But outside scientists have raised many questions about the research. Many of these scientists are not hostile to the idea of burying the wastes at Yucca, but say that evaluation of the 15 years of research points to many unanswered questions.

Recent reviews by outside scientists found that not enough is known about how water, the main vector in spreading the wastes, will flow through the mountain in coming millennia, when rainfall may be triple the mountain's current six inches a year. The time scale is so long that it probably includes climactic changes including ice ages.

"Greenhouse gas warming is a little blip on the screen, compared to longer-term changes we're going to see here," said another independent scientist who has seen the statement. Scientists have already found that in the section of the mountain where the waste would go, 1,000 feet below the surface, water shows signs of atomic bomb fallout, which means that it made the trip in the last 50 years, after atmospheric nuclear testing began.

To carry wastes from the site, the water would have to percolate down another 1,000 feet to reach the water table, but a report last month to Congress and the Energy Department by a panel of outside scientists, the Nuclear Waste Technical Review Board, found that water may flow relatively quickly, through rock fractures.

The report said the usefulness of the area above the water table as a barrier was "uncertain," and that during times when the climate in Nevada is wetter than it is now, travel times could be "several hundred years or shorter," which is brief compared to the longevity of the wastes.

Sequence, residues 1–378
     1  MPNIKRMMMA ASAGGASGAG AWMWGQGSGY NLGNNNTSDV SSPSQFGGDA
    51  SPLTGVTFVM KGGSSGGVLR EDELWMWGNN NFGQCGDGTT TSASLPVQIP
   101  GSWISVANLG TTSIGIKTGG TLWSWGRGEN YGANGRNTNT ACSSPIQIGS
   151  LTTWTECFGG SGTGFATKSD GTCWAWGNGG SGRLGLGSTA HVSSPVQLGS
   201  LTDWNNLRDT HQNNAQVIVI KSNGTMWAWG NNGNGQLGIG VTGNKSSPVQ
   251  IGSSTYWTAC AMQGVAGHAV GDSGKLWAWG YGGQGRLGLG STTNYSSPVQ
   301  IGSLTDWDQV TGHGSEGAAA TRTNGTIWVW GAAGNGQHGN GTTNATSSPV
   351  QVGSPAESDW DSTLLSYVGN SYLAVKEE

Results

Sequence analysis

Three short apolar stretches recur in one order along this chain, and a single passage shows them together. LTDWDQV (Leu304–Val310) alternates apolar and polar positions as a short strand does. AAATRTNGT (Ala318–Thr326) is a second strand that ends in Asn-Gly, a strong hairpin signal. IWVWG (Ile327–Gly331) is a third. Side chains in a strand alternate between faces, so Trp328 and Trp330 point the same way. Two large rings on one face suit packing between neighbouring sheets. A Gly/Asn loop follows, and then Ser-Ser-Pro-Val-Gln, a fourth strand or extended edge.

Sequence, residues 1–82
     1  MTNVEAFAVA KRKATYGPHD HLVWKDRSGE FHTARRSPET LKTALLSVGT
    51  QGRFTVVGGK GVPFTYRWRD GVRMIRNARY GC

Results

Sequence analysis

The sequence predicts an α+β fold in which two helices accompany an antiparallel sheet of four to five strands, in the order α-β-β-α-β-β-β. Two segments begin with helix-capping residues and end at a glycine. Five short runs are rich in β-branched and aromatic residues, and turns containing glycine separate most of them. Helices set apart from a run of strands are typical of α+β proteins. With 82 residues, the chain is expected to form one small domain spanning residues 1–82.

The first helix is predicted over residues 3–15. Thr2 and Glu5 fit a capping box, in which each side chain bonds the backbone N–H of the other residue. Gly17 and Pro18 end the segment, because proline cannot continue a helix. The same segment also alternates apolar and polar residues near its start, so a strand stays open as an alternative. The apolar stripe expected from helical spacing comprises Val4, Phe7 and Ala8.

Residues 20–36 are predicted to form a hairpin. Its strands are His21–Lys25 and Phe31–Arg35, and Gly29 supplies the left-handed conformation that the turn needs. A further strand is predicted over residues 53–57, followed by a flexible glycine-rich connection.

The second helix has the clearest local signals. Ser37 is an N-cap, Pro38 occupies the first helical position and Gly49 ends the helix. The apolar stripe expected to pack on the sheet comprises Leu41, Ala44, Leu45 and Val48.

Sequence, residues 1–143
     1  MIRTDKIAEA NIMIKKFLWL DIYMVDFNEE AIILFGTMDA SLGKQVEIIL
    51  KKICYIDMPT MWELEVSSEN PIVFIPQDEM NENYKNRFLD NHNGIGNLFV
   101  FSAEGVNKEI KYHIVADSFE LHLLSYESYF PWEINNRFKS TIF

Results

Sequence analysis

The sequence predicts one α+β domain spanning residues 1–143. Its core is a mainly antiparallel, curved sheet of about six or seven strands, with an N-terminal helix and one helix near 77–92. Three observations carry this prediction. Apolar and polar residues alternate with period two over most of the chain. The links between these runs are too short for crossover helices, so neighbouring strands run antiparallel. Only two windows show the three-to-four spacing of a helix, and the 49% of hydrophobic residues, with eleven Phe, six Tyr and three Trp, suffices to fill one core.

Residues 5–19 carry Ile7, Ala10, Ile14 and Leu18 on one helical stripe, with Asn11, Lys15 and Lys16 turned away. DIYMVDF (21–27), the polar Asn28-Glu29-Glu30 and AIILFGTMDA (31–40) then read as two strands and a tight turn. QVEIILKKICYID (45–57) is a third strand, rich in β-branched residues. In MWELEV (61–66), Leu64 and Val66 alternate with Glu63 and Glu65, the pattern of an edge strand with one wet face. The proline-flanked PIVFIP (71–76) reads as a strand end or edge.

How fast the waste moves depends heavily on the amount of rainfall, but even the U.S. Geological Survey, the organization that first identified the region in 1976 as a likely site for burying waste, said in a report to the Energy Department this month that "there is surprisingly little" in the assessment about "reckoning the uncertainties in either past or future climates."

Department officials say that shifting the focus of research to engineering considerations is natural. "In any scientific endeavor, it starts off seeming simple, and you will find more and more questions," said one high-ranking department official, speaking on condition that he not be further identified. Most of those willing to talk about the study said they did not want to comment on the record before it is released by Richardson, who could make changes in its findings.

"People used to think, 20 years ago, that the geology was so good, you don't have to worry much about the man-made part," said the official. But no matter what site was chosen, "you find more and more you need to explain," he said, and eventually, engineers will have to address the question of how the metal of the waste containers, and how the heat created by the wastes, will interact with the rock at the site chosen.

As part of the shift in attention, the department has been testing the corrosion resistance of a nickel alloy that it wants to use to package the spent fuel; scientists think those tests could be used to predict the metal's performance for centuries or even a few thousand years. But, said one scientist who was asked by the Energy Department to evaluate its research, "if you want to extrapolate from two years to 100,000 years, good luck. There's no good theoretical basis for your extrapolations."

And no one is clear on how much extrapolation is necessary, because the period for which the repository should be expected to contain the wastes has not been established. In the 1980s, the Environmental Protection Agency suggested 10,000 years in a draft rule that was later withdrawn.

In 10,000 years the most intensely radioactive wastes, like cesium and strontium, will have decayed away, but the plutonium and other man-made elements will still have most of their radioactivity.